Retailer News


Four dramatic windows featuring Lalique items won first prize in Lalique’s nationwide display contest for C.D. Peacock Jewelers, Northbrook, Ill. Winners of the contest received a trip to Paris hosted by Lalique, a visit to its factory and a private lunch with Lalique Vice President Michel Iltis.

Each of C.D. Peacock’s four displays featured a theme (nudes, birds, cats and leaves) that corresponded to Lalique items and designs. C.D. Peacock is the oldest retailer in Chicago. In addition to its Lalique collection, it is known for its rare Tiffany table lamps and other decorative art by Louis Comfort Tiffany.


Spring ’96 has been a season of retrenchment for some leading mass merchandisers.

Service Merchandise Inc. trimmed about 50 jobs from its headquarters staff in Nashville, Tenn. The move was part of a program to cut costs and improve profitability. The company, which employs more than 1,300 people at its headquarters, saw profits drop 20% in 1995.

Wal-Mart Stores Inc., the world’s largest retailer, saw the credit rating on some $8.6 billion of long-term debt downgraded one level to Aa2 in early March by Moody’s Investors Service. That followed the company’s announcement of its first-ever drop in quarterly earnings and a slowdown in same-store sales growth. The new Moody’s rating is comparable to one already assigned to Wal-Mart by Standard & Poor’s.

Kmart Corp. announced it would close 15 stores by the end of May and eliminate 1,500 jobs. These are among 50 stores the company plans to close this year. A company spokesman said the stores are all money-losers. The company has reported 11 consecutive quarters of losses.


Shreve Crump & Low of Boston is celebrating its 200th anniversary this year.

The company was founded in 1796 by silversmith John McFarlane and moved into its landmark Art Deco building in the heart of Boston’s Back Bay district in 1929. A second store was added in 1974 in The Mall in nearby Chestnut Hill. In 1992, Barrie D. Birks, formerly president of Henry Birks Jewelers in Canada, bought Shreve Crump & Low through Tyringham Investments Ltd. and now serves as chairman and executive officer. Kevin M. Jenness is president.

Over the years, Shreve Crump & Low customers have included the rich and the famous, among them Mrs. Alexander Graham Bell, Winston Churchill and publisher William Randolph Hearst.

To mark its bicentennial, the company has planned a year-long celebration that includes:

  • “Ill Ballo d’Oro.” A white-tie ball at the Stewart Gardner Museum in Boston in April marked the jeweler’s 200th year and the birthday of museum founder Isabella Stewart Gardner, one of Shreve Crump & Low’s most illustrious shoppers. Italian gold jewelry was on display during the event. Proceeds were earmarked for the museum’s music and conservation programs.

  • “Edible Art.” Thirty-five of Boston’s most celebrated chefs turned Shreve Crump & Low into a culinary feast for the eyes and palate April 27. The event raised money for the Art Institute of Boston’s Disadvantaged and Minority Student Scholarships Fund.

  • “Trophies & Treasures: Two Centuries at Shreve Crump & Low.” This fall, 200 years of artifacts from the jeweler’s archives will be on display for three months at The Bostonian Society in the old State House. The exhibition will feature the history of Boston juxtaposed with the historical time line of events leading to Shreve’s 200th year in business. The exhibit will include never-before-seen photographs, portraits, drawings and unique objects, such as the trophies the store has designed for the Davis Cup (tennis) and the Cunard Cup (sailing).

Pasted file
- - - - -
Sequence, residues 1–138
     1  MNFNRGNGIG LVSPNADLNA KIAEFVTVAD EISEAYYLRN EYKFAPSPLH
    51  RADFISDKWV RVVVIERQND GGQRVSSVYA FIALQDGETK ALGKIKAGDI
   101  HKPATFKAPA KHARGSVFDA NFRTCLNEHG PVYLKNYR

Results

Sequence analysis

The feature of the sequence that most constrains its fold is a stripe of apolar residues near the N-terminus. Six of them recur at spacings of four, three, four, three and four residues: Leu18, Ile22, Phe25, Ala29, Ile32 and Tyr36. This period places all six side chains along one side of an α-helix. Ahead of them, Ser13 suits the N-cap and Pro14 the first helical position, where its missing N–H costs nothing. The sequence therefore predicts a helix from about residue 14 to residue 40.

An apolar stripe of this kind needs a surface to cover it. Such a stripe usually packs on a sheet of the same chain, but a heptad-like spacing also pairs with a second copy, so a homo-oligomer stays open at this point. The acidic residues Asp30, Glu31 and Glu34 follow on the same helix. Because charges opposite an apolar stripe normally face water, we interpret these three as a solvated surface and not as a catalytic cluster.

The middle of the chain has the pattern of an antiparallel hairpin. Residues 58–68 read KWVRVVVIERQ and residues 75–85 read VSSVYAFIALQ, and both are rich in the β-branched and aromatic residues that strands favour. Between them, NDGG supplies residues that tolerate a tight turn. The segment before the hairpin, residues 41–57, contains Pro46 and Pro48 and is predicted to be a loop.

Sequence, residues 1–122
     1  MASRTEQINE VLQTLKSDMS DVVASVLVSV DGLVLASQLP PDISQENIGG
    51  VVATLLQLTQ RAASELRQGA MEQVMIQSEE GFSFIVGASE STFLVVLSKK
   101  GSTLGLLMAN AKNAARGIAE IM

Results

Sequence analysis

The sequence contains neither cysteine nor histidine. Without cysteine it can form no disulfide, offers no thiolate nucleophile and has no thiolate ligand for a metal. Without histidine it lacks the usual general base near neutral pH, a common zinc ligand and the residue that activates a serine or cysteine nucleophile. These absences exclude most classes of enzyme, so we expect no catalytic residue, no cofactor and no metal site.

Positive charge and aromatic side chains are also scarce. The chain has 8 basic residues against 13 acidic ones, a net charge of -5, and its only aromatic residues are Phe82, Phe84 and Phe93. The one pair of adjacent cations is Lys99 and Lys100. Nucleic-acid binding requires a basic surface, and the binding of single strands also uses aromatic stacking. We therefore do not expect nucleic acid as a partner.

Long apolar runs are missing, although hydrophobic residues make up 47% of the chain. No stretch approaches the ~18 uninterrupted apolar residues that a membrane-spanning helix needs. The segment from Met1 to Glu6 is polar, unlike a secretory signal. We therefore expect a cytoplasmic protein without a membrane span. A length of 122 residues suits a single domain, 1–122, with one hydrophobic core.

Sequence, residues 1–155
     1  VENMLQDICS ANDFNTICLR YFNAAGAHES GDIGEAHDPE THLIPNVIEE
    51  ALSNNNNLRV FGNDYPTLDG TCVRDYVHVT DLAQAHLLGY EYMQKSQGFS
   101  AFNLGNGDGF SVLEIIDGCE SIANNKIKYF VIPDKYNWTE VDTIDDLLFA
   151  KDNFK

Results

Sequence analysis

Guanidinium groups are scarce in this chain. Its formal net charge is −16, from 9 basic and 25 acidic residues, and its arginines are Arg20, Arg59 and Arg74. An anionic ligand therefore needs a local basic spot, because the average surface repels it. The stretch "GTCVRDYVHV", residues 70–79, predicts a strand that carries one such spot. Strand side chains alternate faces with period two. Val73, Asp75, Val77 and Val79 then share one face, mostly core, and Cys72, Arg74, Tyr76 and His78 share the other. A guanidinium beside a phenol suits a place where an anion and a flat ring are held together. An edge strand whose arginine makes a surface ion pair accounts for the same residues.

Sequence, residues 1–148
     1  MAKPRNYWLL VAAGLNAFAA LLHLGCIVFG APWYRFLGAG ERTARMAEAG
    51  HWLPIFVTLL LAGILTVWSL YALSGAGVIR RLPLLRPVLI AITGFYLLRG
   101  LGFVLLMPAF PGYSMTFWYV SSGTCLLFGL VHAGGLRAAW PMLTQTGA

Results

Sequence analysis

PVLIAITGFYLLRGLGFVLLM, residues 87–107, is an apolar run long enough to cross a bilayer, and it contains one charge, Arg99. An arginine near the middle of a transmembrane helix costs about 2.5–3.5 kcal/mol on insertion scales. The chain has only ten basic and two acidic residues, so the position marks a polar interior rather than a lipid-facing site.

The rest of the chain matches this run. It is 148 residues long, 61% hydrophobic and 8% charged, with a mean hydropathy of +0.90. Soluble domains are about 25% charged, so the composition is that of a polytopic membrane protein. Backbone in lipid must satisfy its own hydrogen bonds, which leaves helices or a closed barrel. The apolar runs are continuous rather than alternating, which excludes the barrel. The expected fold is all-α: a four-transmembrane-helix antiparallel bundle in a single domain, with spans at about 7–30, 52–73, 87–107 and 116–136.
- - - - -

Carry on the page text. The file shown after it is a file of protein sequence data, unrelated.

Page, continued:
• “American Silver Exhibition.” Taking a leaf from its founder John McFarland and Boston son and silversmith Paul Revere, the jeweler will present the craftsmanship of today’s contemporary silversmiths this winter.


Georg Jensen recently completed renovations on its flagship store at 683 Madison Ave., New York City. The company has had a New York City store since 1924 and has been at its current location for 15 years.

The store concept, developed by architect Torsten Thorup, combines classic Scandinavian elements with simple geometric shapes in a facade and interior designed to fit into any cityscape. This design will be implemented in Georg Jensen stores worldwide.

A storefront of French limestone leads to an interior with dark wood flooring, bronze-accented cabinetry, well-lighted bronze and glass display cases, leather chairs and Oriental rugs. On display in the 2,900-sq.-ft. retailing area is the full line of Georg Jensen gold and silver jewelry, hollowware, flatware, watches, personal accessories and giftware. A Royal Copenhagen gallery will feature a selection of handpainted porcelain tableware and accessories.

Georg Jensen is part of the Royal Copenhagen Group, the Scandinavian decorative arts company with headquarters in Copenhagen, Denmark. There are 66 Georg Jensen stores worldwide.


Friedman’s Jewelers Inc. of Savannah, Ga., opened a new store in the Hammond Aire Plaza in Baton Rouge, La. Friedman’s operates more than 350 jewelry stores.

Goldstein’s Jewelers of Mobile, Ala., relocated to a larger space inside the Bel Air Mall, directly across from its old location.


A new-store announcement on page 133 of JCK, March 1996, should have read: Mollie B ­ Distinctively Different Fine Jewelry opened in November in Harrisburg, Pa. Owner Mollie Bronstein focuses on the area’s upscale consumers with direct mail advertising, exclusive designer jewelry lines and custom design services.


F.D. Fogg & Co. Jewelers of Albuquerque, N.M., celebrated its 75th anniversary Feb. 7. Donald Fogg, son of the founder, and his daughter, Ellen, run the business.